Not only are the established methods for secure erasure ineffective, but they also eat up valuable write cycles on flash chips for no tangible benefit - every write to a flash memory device is in effect a small amount of damage to the device, which when taken cumulatively over a long period of time, will eventually lead to the catastrophic failure of that device.
Worse yet is no ordinary software forensic toolset can even see that this data exists - the device consistently maps even the lowest level APIs around the hidden data - direct, physical methods of reading the data off the chips, or discovery of secret manufacturer APs that may or may not exist in any given product are the only chance to see it - the operating system is oblivious in every case, so there's no way anyone but the manufacturer itself, or a destructive examination inf a forensic lab can tell for sure.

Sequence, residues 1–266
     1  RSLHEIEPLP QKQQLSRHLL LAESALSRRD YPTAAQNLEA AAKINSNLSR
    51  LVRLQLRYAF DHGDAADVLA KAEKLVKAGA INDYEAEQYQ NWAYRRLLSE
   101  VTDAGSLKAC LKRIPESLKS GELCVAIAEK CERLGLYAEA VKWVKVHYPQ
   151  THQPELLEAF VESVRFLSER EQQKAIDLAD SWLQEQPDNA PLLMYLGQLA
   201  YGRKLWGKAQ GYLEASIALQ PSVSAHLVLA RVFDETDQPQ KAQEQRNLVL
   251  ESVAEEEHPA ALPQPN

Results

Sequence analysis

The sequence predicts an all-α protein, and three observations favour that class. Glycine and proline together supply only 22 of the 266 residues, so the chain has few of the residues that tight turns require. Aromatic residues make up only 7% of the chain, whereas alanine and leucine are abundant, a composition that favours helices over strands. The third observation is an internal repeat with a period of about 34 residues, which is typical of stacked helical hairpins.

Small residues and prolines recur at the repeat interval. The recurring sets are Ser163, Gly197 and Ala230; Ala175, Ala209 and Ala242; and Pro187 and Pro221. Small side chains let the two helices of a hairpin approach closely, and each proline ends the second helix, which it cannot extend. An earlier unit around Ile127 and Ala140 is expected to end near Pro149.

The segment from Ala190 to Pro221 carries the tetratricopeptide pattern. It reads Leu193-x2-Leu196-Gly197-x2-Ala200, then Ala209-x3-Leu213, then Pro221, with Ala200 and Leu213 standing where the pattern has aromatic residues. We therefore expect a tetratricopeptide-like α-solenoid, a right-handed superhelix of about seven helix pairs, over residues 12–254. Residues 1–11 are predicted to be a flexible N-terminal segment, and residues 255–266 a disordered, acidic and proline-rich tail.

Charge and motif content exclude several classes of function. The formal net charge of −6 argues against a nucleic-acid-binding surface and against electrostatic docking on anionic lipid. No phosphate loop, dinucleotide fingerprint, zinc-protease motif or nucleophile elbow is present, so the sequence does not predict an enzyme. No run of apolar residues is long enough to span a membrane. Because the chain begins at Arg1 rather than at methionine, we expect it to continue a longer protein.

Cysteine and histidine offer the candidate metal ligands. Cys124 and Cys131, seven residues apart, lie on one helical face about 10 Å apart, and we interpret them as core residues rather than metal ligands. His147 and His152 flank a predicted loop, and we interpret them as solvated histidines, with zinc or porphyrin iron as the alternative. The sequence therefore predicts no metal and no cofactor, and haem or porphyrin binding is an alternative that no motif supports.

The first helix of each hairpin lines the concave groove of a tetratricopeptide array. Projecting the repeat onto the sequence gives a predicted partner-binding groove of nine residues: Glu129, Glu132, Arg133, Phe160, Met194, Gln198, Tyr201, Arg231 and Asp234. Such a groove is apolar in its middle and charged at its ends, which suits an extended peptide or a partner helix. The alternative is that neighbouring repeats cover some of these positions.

With all that said, with extremely rare exceptions i can count on the fingers of one hand like gpg, the only software packages that even attempts to do secure deletion, in any environment, are standalone secure deletion utilities. The assumption should always be that an application does not provide secure deletion, or even secure storage of data at rest, because this is almost universally true, even in supposedly security conscious applications. If it doesn't make any specific claims about secure erasure, it most certainly doesn't do it. Insecure storage, and cleartext data at rest are the norm, even in 2016, even in supposedly "secure" applications.
Using full disk encryption, with a robust passphrase lock, or a robust passphrase lock coupled with biometrics should be the default for anyone carrying sensitive information on a mobile device.